An assessment of future coastal land loss in Galveston, Chambers, and Jefferson Counties, Texas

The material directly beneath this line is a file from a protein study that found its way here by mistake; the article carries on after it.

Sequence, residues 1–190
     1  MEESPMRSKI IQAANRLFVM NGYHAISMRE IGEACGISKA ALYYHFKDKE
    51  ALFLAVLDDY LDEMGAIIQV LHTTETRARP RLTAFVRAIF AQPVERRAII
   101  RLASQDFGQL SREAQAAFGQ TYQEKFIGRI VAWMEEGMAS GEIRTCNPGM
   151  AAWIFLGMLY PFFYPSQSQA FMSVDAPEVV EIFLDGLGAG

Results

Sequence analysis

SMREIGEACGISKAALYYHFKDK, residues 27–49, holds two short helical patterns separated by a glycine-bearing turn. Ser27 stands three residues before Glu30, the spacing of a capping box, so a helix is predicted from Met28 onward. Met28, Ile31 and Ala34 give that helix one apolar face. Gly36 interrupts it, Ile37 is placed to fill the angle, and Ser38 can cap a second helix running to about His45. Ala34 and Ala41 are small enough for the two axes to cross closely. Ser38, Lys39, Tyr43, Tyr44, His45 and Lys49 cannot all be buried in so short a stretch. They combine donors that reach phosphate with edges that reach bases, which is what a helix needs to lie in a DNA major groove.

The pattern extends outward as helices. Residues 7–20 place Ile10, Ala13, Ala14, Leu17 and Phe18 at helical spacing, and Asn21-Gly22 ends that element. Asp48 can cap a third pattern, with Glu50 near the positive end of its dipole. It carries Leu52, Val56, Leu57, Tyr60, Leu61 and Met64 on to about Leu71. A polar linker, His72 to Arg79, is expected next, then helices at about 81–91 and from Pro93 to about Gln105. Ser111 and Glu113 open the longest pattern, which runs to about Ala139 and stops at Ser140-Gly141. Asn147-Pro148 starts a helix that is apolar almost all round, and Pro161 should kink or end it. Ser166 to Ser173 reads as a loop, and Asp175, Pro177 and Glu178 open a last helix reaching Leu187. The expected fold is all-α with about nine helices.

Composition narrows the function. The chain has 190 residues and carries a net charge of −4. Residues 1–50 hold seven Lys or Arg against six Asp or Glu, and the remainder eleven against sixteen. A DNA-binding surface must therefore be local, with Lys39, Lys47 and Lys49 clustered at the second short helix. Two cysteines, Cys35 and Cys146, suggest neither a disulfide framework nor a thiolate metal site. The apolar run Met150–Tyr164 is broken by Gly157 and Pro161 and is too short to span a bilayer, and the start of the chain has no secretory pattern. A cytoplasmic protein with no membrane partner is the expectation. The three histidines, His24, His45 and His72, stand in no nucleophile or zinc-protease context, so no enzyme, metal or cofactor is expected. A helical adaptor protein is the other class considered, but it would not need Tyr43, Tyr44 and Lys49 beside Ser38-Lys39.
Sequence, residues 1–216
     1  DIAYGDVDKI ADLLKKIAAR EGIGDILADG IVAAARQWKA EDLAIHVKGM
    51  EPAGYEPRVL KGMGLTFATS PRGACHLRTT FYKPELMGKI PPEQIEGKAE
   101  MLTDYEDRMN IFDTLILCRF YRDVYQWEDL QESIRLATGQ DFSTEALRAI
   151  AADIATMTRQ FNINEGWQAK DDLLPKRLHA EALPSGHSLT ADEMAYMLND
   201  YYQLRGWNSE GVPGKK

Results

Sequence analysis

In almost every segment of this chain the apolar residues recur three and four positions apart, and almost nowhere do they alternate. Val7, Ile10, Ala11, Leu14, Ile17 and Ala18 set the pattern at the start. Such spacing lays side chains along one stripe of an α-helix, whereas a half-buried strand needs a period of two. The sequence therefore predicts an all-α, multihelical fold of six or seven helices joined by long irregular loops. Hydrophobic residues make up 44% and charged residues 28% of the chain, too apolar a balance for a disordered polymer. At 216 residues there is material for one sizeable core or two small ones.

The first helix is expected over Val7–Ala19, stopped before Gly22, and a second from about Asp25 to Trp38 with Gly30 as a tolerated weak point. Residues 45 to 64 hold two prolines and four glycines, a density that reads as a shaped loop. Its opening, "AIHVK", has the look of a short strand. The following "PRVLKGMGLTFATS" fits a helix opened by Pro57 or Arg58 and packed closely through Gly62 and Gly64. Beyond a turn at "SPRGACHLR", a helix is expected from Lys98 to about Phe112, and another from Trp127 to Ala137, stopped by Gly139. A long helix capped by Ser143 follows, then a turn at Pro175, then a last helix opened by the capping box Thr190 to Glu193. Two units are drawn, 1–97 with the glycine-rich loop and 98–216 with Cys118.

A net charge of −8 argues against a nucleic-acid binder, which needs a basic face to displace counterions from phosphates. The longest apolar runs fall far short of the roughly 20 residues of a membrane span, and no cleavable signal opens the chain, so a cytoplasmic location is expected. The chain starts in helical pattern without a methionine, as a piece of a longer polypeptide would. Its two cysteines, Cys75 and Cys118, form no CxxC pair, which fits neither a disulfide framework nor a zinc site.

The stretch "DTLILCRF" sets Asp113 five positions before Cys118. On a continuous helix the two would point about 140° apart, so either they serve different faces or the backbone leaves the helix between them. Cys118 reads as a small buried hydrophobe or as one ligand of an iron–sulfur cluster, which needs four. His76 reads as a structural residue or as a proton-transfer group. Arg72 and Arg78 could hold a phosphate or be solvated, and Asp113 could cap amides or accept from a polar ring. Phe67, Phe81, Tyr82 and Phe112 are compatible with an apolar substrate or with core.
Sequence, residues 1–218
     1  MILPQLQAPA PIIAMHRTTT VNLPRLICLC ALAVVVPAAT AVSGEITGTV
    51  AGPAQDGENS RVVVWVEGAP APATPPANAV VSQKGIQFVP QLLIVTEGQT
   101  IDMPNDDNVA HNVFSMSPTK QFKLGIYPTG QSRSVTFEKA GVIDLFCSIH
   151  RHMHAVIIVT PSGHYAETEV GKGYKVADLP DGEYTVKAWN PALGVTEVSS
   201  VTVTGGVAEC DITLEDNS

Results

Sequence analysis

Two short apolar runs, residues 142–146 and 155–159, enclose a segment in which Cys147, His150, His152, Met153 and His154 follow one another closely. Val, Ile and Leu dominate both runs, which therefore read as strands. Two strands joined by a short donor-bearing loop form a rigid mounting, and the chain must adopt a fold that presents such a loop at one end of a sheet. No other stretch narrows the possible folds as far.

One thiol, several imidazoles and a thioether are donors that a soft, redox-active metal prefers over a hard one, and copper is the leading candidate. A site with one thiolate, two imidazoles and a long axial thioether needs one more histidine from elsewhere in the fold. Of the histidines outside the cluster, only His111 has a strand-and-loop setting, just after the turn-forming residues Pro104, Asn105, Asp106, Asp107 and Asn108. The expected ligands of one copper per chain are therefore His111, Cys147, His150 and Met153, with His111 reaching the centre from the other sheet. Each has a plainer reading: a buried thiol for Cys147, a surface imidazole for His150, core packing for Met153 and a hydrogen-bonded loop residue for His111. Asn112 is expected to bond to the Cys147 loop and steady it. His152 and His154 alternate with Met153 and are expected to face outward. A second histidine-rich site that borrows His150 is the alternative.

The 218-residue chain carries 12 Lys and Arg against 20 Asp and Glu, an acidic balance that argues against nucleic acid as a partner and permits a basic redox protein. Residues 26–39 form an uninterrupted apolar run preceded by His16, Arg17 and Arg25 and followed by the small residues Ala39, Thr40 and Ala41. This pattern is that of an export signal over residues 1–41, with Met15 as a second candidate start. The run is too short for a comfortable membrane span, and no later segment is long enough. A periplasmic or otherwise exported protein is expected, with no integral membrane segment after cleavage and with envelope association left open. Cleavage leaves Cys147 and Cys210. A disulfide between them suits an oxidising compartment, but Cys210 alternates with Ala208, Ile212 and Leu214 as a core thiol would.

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Loss of coastal land has been occurring along the Upper Texas Gulf Coast over the historical record. This loss of land will continue into the future, probably at increasing rates due to accelerated sea-level rise caused by global warming (i.e. the "greenhouse effect"). Three scenarios for shoreline retreat and land loss to the year 2050 are developed for the uppermost 200 km of the Texas Coast, between Sabine Pass and the mouth of the Trinity River. The scenarios (baseline, low-rise and high-rise) integrate best available estimates of sea-level rise in the next century with empirical relations between relative sea-level rise and shoreline movement during a baseline period (1930-1974 or 1982, depending on the availability of shoreline movement data) for each of 10 shoreline segments. Loss of coastal land results from both erosion and submergence of the coastline due to relative sea-level rise. Relative sea-level (RSL) rise, in turn, encompasses eustatic rise and land-surface subsidence. Baseline rates of RSL rise at Pier 21 on Galveston are 6.9 mm/yr (1930-1974) and 7.6 mm/yr (1930-1982). Data from nonsubsiding tidal gages along the Florida Gulf Coast are used to define a 2.2 mm/yr baseline rate of eustatic rise within the Gulf of Mexico. Land-surface subsidence accounts for the residual 4.7 and 5.4 mm/yr. Land-surface subsidence within the study area is the result of undifferentiated natural consolidation of clay-rich sediments and regional subsurface depressurization caused by production of oil and gas. Groundwater pumpage is minimal within the area and is not considered a cause of subsidence, although large-scale pumping in the metropolitan Houston area has probably caused subsidence along the eastern shore of Trinity Bay. The baseline scenario assumes a constant rate of RSL rise, resulting in a rise of 0.45-0.49 m by 2050. At 2050, RSL rises of 0.66-0.70 min the low-rise scenario and 0.88-0.92 m in the high-rise scenario are predicted by combining low- and high-rise estimates of eustatic rise developed from a synthesis of nine recently published projections with a constant baseline rate of subsidence. The multiplicative factors of approximately 1.5 for the low-rise and 2.0 for the high-rise scenario are calculated from the ratios of projected RSL rise to baseline RSL rise at 2050. These factors are integrated into the baseline relation between RSL rise and shoreline movement to estimate shoreline displacement and subsequent loss of land by 2050 in each of the 10 shoreline segments. The estimated net change of land area by 2050 for the entire study area coastline is -17.2 km² (4248 acres) in the baseline scenario, -25.2 km² (6224 acres) in the low-rise scenario, and -33.8 km² (8349 acres) in the high-rise scenario. Shoreline retreat and land loss scenarios developed in this study represent conservative estimates. Recent rates of relative sea-level rise (between 1958 and the mid-1980s) at Pier 21 and at Sabine Pass exceed 11 mm/yr, 50-60% higher than the calculated long-term rates of 6.9 and 7.6 mm/yr, used as the baseline for this analysis. Therefore projected RSL rise by 2050 are conservative and may underestimate shoreline displacement and coastal land loss. These projections should be considered in the future development of and use of the Texas Coast.